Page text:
This is not to say that the social forces that underlie lives are merely part of the background. On the contrary, in many different ways, some of them hilariously funny, some of them wryly satiric, the author directs his characters’ thoughts and gazes on a society that gets it wrong. Shop owners and entrepreneurs can be ridiculously jumpy, judgemental, and intolerant. Avoiding the poor, the rich “step out of their Range Rovers and BMWs, happily up to their armpits in the waters of lifestyle maintenance.” By the end of the book, Buddy’s bizarre and whacky attempt to sue the lawn bowling club starts to make sense, steeped as lawn bowling is the lifestyle of the elite and insulated, governed by “politeness” and “bloody smugness.”

Put the struggling and the affluent together, and what demarcates them all is probably the major propelling social force of the whole novel — money. Not only does the main plot-line centre on a mysterious will, but also most of the characters’ lives are permeated with worries about jobs, keeping the shop afloat, even finding the next meal. Amongst these Nita is the most eloquent: “Didn’t our very lucky corner of the world get to a certain place and now have to watch it all being redirected to CEO bonuses and levitated from the street to the penthouse through tax exemptions and unfair policies?”

But, while poverty and wealth provide a solid, important, dimension to the book, other, more elusive, issues underlie Kennedy’s vision of the human experience. When, near the beginning of the book, Bo reflects on the fine line between good and bad luck, he identifies the very issue that Buddy comes equally to realize by the book’s end: “Karma can kiss his royal ass. His destiny is nothing more than what he can create from serendipity and the predispositions fed him by his genes.” The elusive shape of life, its essential strangeness and surprises, is what, finally, Kennedy leaves with his readers. When Louie says, “A man little comprehends his own biography,” he puts in one way what the readers can’t help but feel about the lives of the weird and wonderful characters with whom they have come to feel kinship.

It says a good deal about the fundamental good-heartedness of the novel that even the most cynical and spiky characters show themselves capable of enormous affection. Al’s muffled, puzzled love for June, Sally’s quiet nurturing of her brother, Buddy’s loving admiration for his mother, Louie’s surprised discovery of his love for Devona are only some of the many patterns of affection that colour the last part of the novel.

Barry Kennedy

At his most reflective—including thoughts on the “why” of quarks—Buddy ends his searching questions on what is surely the core of the novel: “And while he’s entertaining the notion of unanswerable questions, allow him to tack on the entire mystery of love and family and friendship and connection.” And the fact is, along with all of the minor trajectories of quest and resolution throughout the novel, it is what Kennedy does with his central couple, Nita and Buddy, that makes the deepest impact. The world of fiction is rife with author after author trying to write a love-making scene from a novel angle. Kennedy does it as well as just about anyone. His fresh, funny, moving, sincere, playful, but soulfully erotic love-making scene concludes with probably the most important point of the book: “Science is predictive and practical. Art is contingent and sublime. Ergo, love is Art.”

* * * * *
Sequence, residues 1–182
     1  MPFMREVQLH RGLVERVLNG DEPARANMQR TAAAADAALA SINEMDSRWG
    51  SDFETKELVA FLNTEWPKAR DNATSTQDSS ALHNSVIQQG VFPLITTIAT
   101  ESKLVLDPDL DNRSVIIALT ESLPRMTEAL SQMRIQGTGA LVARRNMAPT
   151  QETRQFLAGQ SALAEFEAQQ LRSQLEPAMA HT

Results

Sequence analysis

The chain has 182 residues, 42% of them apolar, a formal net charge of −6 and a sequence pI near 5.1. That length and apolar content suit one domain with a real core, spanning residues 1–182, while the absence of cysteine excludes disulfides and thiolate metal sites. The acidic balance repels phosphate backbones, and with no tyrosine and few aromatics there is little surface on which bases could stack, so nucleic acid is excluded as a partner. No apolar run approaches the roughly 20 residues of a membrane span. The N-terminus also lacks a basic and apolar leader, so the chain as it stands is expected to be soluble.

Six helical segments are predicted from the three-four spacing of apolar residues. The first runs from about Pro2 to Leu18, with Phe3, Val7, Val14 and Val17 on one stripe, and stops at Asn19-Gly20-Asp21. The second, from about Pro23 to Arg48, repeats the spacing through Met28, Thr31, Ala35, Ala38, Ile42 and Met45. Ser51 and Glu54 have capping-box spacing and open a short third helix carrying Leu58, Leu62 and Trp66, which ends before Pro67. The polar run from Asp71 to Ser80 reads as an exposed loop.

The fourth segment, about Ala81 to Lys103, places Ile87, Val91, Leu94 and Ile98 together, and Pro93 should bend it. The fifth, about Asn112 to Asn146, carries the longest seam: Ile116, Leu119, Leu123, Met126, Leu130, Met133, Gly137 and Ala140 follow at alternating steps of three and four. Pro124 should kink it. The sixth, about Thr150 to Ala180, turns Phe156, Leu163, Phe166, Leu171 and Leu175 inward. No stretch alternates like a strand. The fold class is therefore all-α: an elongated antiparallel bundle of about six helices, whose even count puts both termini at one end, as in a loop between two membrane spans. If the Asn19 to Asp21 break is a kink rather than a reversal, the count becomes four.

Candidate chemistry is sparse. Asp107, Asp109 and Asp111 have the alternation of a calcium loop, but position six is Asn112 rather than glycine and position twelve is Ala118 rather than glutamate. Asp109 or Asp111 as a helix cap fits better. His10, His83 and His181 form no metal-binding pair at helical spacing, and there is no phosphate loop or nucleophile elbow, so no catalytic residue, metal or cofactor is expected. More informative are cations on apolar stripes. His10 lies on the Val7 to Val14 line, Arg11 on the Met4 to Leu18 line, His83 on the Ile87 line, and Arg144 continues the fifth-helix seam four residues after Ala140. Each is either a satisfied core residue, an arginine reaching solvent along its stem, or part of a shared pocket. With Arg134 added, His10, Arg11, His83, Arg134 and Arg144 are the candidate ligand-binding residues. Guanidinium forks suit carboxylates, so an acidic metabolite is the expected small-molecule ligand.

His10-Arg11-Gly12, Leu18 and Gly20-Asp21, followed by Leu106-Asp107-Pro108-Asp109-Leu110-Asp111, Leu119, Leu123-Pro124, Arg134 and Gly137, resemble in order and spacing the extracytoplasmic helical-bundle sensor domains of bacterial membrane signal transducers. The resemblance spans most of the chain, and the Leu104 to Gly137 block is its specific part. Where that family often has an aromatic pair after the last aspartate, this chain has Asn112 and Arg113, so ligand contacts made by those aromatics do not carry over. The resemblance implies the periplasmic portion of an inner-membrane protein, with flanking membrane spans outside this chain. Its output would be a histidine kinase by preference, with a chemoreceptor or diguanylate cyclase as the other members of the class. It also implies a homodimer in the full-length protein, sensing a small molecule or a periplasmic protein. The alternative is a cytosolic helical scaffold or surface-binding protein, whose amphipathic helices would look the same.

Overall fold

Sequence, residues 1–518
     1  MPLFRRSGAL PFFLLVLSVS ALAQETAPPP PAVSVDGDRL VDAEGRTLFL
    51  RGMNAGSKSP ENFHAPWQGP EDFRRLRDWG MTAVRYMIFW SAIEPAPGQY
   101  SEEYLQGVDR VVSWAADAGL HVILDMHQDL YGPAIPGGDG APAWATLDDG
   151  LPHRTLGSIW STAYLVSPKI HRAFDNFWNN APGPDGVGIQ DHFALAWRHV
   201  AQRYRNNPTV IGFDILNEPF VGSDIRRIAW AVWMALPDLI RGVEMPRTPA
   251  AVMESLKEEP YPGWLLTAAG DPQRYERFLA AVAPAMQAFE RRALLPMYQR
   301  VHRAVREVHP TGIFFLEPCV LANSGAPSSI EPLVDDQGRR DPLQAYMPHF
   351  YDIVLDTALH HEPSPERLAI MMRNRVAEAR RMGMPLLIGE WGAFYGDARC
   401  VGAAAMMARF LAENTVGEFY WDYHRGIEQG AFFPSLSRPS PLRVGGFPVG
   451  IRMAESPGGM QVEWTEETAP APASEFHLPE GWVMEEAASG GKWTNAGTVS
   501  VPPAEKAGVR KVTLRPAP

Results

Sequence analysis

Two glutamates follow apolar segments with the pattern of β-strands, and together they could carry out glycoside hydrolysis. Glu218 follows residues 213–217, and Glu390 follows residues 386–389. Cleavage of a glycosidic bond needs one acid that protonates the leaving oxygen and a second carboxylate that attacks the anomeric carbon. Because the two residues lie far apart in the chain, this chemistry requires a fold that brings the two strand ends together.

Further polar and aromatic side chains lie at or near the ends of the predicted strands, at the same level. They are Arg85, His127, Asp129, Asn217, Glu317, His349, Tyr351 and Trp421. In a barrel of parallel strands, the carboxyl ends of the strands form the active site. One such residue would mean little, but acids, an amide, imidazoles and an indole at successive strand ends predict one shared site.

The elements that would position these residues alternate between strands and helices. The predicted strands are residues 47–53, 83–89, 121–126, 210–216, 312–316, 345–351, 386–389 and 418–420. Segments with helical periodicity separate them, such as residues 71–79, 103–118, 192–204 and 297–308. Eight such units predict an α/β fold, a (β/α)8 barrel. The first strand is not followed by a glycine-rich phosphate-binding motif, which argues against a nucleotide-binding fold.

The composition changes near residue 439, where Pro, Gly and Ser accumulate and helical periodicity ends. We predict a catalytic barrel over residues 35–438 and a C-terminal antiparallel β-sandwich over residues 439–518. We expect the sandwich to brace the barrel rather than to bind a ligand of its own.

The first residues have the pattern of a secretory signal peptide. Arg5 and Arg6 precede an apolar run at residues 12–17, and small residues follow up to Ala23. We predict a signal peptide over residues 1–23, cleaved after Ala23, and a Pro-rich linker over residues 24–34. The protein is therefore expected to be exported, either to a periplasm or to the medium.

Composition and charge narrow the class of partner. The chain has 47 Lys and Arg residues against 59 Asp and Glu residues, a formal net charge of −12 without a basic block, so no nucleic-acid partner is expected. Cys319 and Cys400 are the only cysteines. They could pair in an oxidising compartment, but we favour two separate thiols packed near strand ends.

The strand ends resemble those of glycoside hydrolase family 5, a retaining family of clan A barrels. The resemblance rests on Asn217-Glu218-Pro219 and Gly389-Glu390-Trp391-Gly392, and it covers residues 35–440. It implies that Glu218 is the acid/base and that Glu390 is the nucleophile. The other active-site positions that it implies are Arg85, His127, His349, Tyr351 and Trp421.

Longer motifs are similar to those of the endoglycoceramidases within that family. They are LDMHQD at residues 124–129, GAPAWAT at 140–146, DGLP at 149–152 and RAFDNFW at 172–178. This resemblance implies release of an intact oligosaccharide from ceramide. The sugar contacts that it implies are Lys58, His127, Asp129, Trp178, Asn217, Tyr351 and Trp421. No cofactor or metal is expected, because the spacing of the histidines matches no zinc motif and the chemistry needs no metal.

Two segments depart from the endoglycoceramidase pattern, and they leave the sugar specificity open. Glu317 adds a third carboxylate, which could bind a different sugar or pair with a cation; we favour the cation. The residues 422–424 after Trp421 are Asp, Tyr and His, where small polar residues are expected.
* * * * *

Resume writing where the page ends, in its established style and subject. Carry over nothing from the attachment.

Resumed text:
The novel concludes with the discovery of long-buried treasure. The nature of the treasure says a good deal about what Kennedy suggests is “contingent and sublime.”

Except that that isn’t quite true. True to the comic spirit of novel, Kennedy adds… an “epilogue.” Enough said.


Theo Dombrowski

Born on Vancouver Island, Theo Dombrowski grew up in Port Alberni and studied at the University of Victoria and later in Nova Scotia and London, England. With a doctorate in English literature, he returned to teach at Royal Roads, the University of Victoria, and finally at Lester Pearson College at Metchosin. He also studied painting and drawing at the Banff School of Fine Arts and at UVic. Editor’s note: Theo has written and illustrated several walking and hiking guides including Secret Beaches of the Salish Sea (Heritage House, 2012), Seaside Walks of Vancouver Island (Rocky Mountain Books, 2016), Family Walks and Hikes of Vancouver Island (RMB, 2018, reviewed by Chris Fink-Jensen), as well as When Baby Boomers Retire. He has also reviewed books by Ann Shin, Lynne QuarmbyRenate BelczykDeni Ellis BéchardAislinn HunterEva Holland, Anne Enright, and others. Visit his website here. Theo Dombrowski lives at Nanoose Bay.


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 The Ormsby Review is a journal service for in-depth coverage of B.C. books and authors. The Advisory Board consists of Jean Barman, Wade Davis, Robin Fisher, Cole Harris, Hugh Johnston, Patricia Roy, David Stouck, Maria Tippett, and Graeme Wynn. Scholarly Patron: SFU Graduate Liberal Studies. Honorary Patron: Yosef Wosk. Provincial Government Patron since September 2018: Creative BC